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Feast of the Spirit




Yana Djin's new bilingual book of poems, Inevitable, or Neizbezhnoye, is her first collection to be published in Russia and represents a very refreshing event both in terms of poetic diction and the very format of the publication. In true post-modern fashion, the Georgian-born poet is represented by her original English verse and two ingenious translators into Russian, one of them her father. In its inquisitive awareness of forces and processes outside the self, its pattern-searching informed by a Tolstoyan philosophy of time and amplified by the enormity of Georgia's natural sights and vast openness, Djin's verse is knit of genuinely poetic material.


Djin considers language circumstantial and an imperfect tool which translates the multiple mutations of the spirit. Her own poetry she regards as "a mutation of English words and the Russian spirit," which can be, as we have seen in Brodsky and Nabokov, an extremely enriching combination. The growing culture of bilingualism has created new communicative codes and experiences, so that we never completely translate into any one language but remain on the threshold, keeping both in sight. This interlinguistic existence may yet become the source of new aesthetics, when the opportunities for expressing or emphasizing different meanings in one language blend into the worldview of the other, unleashing a precious spontaneity of thought and turn of phrase.


What's amazing about Djin's volume is the pattern of reading required to appreciate its richness. When reading for pleasure, we are used to subordinating either the original to the translation or vice versa. In this instance, don't. Brought together under the same cover, here are three distinctive voices worth hearing. Joining the poet's leading voice are the gentle, precise Vladimir Gandelsman, and the poetess' father Nodar Djin, speaking in his own voice on behalf of the original but remaining scrupulously faithful to it.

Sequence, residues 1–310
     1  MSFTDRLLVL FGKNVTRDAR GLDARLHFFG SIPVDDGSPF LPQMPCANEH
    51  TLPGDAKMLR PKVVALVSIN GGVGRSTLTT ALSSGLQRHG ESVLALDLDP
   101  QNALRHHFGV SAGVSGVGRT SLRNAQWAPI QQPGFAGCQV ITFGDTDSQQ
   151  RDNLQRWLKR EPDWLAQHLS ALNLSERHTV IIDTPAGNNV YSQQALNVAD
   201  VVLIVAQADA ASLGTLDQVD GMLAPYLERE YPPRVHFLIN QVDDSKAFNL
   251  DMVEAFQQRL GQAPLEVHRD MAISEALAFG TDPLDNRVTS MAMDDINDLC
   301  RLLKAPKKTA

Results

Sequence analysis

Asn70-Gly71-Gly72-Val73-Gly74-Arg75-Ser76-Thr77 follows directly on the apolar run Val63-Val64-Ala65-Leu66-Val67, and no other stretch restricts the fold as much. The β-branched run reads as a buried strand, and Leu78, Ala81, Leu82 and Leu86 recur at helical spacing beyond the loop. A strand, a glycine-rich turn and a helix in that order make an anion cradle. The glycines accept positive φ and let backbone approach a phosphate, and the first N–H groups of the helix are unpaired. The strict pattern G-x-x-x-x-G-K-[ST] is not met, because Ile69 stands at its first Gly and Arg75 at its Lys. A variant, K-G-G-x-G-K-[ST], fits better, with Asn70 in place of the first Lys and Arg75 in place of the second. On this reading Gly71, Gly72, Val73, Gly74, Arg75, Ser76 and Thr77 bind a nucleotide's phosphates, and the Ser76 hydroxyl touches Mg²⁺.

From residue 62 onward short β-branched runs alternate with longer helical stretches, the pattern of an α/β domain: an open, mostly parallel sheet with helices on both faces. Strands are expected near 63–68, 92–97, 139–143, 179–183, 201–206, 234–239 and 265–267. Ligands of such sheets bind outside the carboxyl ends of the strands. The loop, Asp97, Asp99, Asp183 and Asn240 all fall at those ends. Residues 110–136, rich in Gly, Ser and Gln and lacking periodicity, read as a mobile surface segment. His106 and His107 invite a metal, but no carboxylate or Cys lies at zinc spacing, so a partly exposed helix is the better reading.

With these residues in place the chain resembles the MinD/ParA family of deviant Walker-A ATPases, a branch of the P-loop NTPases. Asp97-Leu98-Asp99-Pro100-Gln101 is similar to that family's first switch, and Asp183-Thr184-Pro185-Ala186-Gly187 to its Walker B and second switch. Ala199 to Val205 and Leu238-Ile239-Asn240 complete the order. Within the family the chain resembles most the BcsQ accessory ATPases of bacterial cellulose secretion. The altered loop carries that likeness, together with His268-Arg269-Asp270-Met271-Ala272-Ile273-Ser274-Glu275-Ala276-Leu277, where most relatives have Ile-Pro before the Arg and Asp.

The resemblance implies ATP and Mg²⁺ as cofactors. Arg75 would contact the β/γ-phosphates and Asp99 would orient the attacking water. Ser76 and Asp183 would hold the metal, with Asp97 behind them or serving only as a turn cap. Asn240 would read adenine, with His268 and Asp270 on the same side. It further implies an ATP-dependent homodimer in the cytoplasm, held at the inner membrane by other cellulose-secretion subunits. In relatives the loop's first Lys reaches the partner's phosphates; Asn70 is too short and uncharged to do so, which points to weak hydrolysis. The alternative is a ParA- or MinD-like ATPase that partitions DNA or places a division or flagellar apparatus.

In Gandelsman's translation, Yana Djin's somewhat jerky verse sounds elegiac, even serene, mellowed by the harmony of prescribed meters and run-on lines as against her own disjunctive experiments with form. The rebel poet seems tamed here by Gandelsman's well-seasoned phrases.


Nodar Djin takes a much more temperamental approach with his daughter's writing. They are clearly soul mates, and the father writes very forcefully and originally, propagating Yana Djin's ideas as an inspired intermediary. In his translation her thoughts seem to have gelled. Yana Djin makes a point of isolating words in order to stress them, taking them out of context and out of sequence in order to state an idea. Even the run-on lines are designed so as to cut a sequence short and bring a word forward. Nodar Djin's translation, on the other hand, rolls along with words developing all kinds of bonds, acoustic, rhythmical and metaphoric, never breaking off to underline something or set it apart. In its freshness, aptitude and recklessness of expression this is fully original poetry.


This edition affords a unique opportunity to contemplate how decisively form influences impact. And it is utterly to the credit of Yana Djin that in her poems, which explore time, self and destiny in a crumbling world, there is so much content to be played with. Her insight and her allegories are keen, even disturbing, though in her treatment of vital questions an abstracted intellectual perspective holds sway. Her imagery is crisp, fresh and very visual, very dynamic.


A good volume of contemporary poetry is a rare event these days, so this one is not to be missed. It is pleasurable reading, now food for thought, now a stylistic feast, infallibly in good taste. It has been a long time since we read good new poetry. Maybe this is where we will begin.


"Inevitable. Poems (Neizbezhnoye. Stikhotvoreniya)," by Yana Djin with translations into Russian by Vladimir Gandelsman and Nodar Djin. Published in limited-edition hardcover by Podkova, Moscow. 176 pp. To be sought out in Moscow's more discerning bookshops.

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